Despite the late winter storms blustering through northern California, coating high Sierra peaks with eye-piercing white, it’s clear we’re entering spring.
How do I know?
By all the beautiful wild mustard aurifying meadows, and painting bright sunny stripes among vineyards’ still-naked vines.
For those who claim that California has no seasons, I’d gladly drive them around Sonoma and Marin counties in February and March so they can see that we clearly have a season of gold that gilds spirits as well as countrysides.
One explanation of our glowing springtime landscapes credits the Franciscan friars of the 1700’s. It is said they sprinkled mustard seed along the route between California’s missions, thus giving (at least in the spring) a clear, golden path for folks to follow.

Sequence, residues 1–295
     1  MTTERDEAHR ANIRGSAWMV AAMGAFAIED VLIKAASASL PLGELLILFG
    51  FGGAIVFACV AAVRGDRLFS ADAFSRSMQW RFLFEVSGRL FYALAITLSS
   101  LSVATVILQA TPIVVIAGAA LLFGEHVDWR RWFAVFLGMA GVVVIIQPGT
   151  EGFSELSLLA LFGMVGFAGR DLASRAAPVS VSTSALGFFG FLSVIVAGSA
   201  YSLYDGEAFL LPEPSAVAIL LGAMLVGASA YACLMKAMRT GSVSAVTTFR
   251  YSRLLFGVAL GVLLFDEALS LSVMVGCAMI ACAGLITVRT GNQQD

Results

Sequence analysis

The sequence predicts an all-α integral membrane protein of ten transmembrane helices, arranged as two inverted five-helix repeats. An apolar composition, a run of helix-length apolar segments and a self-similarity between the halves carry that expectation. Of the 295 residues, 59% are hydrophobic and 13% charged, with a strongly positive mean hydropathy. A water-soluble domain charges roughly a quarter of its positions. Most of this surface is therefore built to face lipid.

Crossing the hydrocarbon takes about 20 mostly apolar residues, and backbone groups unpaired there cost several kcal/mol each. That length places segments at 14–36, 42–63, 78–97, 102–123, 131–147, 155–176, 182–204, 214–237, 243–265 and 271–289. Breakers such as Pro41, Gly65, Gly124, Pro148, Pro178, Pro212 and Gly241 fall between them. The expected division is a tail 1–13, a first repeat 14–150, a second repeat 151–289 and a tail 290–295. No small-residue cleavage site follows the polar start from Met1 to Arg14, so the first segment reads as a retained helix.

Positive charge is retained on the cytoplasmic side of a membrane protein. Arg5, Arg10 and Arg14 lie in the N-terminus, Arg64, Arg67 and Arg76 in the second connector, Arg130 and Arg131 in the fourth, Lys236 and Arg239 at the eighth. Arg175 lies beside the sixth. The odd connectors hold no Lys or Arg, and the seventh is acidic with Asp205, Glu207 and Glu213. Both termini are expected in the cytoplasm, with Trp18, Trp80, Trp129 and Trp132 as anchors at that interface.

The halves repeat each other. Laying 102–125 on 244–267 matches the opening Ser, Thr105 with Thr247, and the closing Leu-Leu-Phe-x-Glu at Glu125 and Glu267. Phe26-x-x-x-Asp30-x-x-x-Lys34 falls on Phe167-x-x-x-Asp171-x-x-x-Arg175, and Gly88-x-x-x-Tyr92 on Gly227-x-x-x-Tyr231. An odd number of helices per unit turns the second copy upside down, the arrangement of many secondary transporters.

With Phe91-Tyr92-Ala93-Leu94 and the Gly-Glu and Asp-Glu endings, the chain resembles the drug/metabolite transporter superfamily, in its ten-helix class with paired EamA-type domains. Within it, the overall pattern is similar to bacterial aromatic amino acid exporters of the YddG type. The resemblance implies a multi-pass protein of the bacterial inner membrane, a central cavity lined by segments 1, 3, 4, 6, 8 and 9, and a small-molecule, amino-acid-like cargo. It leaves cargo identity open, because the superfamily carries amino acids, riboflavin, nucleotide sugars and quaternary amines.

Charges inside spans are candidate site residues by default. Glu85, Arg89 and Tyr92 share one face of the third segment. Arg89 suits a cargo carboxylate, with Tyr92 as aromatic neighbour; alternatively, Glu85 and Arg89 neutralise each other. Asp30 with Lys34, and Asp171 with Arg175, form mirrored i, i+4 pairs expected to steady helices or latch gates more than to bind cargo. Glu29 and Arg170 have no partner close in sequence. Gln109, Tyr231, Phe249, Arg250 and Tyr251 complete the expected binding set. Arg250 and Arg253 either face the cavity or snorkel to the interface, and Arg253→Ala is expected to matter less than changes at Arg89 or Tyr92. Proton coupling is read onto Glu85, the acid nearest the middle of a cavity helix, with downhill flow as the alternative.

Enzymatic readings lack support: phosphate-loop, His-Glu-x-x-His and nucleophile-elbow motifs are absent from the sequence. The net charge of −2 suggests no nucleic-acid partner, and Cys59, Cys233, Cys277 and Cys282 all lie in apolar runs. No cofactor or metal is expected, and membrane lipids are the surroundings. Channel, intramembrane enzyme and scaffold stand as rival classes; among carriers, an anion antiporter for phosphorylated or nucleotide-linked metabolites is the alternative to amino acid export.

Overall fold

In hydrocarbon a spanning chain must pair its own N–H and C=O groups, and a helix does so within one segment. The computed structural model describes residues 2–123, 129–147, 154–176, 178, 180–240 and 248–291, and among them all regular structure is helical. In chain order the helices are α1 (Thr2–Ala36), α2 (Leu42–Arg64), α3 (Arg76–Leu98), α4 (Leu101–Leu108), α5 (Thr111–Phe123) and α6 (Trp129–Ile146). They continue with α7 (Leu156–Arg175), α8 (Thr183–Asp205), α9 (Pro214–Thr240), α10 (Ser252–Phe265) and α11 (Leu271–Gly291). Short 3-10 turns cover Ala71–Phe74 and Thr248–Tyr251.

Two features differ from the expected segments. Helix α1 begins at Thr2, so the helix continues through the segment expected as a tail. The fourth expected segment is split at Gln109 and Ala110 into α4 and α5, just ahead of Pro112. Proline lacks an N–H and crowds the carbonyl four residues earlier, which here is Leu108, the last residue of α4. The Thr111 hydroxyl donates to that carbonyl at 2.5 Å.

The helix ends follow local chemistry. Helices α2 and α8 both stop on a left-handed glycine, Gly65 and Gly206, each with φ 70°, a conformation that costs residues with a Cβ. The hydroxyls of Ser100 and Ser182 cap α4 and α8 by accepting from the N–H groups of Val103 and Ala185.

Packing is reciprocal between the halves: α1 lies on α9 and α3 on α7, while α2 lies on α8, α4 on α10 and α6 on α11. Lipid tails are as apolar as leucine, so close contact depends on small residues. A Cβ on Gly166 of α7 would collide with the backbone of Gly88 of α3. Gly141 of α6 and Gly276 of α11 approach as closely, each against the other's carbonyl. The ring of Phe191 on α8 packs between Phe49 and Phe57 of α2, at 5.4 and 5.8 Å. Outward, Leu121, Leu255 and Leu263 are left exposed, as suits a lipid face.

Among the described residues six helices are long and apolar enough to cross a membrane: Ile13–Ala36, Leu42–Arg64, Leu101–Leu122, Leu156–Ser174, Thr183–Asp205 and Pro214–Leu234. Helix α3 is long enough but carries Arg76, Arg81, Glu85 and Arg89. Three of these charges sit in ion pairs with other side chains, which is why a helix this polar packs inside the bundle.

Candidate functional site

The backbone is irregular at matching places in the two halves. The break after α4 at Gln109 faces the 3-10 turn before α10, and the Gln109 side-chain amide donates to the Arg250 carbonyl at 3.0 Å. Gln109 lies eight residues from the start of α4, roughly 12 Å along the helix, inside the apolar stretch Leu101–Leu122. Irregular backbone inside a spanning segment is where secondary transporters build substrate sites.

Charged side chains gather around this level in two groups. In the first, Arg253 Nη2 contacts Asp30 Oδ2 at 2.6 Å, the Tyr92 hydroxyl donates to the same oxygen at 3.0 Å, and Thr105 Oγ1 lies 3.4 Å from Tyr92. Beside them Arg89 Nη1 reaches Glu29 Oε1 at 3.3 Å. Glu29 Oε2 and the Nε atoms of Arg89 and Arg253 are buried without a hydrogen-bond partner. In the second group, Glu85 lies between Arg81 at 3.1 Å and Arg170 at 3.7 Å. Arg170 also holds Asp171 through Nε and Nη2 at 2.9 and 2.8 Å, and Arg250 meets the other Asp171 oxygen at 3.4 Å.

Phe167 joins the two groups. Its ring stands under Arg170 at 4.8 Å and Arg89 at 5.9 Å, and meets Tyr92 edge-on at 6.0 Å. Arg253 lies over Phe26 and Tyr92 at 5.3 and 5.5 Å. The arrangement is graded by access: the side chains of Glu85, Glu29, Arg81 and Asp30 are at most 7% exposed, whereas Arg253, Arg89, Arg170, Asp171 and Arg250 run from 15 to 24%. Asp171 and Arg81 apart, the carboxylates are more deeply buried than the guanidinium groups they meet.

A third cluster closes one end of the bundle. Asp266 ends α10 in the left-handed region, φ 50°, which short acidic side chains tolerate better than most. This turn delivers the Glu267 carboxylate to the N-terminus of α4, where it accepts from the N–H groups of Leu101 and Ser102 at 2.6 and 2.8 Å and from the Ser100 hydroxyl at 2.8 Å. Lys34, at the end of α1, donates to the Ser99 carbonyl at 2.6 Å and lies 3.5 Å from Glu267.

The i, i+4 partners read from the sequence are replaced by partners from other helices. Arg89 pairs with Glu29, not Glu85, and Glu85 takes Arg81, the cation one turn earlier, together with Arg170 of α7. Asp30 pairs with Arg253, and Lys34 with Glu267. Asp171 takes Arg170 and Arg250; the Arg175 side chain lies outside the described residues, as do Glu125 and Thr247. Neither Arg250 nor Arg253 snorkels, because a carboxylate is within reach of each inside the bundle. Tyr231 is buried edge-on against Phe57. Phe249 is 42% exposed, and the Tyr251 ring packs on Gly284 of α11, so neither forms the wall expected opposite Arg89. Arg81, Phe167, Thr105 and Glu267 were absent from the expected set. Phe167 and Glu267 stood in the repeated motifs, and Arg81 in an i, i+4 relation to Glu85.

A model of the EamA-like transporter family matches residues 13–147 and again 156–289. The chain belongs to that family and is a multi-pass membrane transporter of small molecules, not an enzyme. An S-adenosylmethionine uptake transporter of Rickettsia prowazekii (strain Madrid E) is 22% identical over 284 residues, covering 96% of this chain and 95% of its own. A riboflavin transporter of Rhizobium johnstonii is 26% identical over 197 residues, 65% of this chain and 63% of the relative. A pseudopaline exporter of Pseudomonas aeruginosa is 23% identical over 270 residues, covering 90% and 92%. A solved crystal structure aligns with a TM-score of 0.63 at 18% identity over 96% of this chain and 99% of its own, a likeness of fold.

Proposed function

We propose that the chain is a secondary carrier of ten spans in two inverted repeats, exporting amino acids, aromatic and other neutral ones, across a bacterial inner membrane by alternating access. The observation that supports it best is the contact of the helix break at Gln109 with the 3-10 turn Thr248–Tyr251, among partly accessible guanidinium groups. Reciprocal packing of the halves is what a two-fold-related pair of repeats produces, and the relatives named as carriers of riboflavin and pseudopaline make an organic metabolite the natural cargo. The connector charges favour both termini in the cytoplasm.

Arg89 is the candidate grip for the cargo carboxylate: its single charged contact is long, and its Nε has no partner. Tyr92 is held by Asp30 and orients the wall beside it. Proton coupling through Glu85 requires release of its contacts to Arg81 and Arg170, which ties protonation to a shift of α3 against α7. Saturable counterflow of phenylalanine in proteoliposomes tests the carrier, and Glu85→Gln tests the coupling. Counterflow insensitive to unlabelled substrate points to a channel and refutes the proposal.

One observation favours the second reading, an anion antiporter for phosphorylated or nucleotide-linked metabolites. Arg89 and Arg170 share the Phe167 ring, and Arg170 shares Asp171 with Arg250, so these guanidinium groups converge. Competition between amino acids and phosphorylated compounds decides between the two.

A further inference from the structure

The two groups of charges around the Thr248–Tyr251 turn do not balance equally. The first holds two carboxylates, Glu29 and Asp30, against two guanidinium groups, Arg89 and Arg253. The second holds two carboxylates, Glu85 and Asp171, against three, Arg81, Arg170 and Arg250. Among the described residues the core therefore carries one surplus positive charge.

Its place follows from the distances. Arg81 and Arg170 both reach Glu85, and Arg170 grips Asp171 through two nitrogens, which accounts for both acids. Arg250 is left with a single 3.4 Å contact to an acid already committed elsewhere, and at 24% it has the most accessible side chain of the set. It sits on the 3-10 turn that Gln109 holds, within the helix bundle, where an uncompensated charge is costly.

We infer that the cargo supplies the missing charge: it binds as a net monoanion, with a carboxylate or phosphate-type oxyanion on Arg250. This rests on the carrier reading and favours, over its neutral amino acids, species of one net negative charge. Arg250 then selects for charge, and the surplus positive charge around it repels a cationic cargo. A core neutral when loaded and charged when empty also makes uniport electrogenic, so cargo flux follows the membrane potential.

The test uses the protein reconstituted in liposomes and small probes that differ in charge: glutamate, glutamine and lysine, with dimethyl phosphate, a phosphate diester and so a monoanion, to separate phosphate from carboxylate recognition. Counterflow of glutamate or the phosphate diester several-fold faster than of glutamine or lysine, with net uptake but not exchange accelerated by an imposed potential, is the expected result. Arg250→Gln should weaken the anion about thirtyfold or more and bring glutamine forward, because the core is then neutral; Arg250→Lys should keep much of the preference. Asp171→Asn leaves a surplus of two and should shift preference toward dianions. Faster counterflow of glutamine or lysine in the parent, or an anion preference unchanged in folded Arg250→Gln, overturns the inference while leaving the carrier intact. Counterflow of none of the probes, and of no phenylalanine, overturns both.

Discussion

Another tradition says that sailing ship captains commissioned the planting of mustard along California’s northern coast, so they could make out the dangerous, rugged cliffs even when shrouded in fog.
That intense yellow, tinged with green, seems to be the most easily visible color to the human eye.
A couple of weeks ago, Sweetheart Al and I were in Sonoma County, ooohing and ahhhing over the beautiful vineyards bursting with wild mustard. I finally made him stop the car so I could take some pictures of the gently rolling hills. I’ve posted one here for your enjoyment.
Whether it’s friars or sailing captains or something else, I’m grateful for the wild mustard beauty filling California at this time of year. Besides the miles of heart-warming beauty, these yellow flowers on their long stalks are welcome harbingers of spring, one of my favorite seasons.
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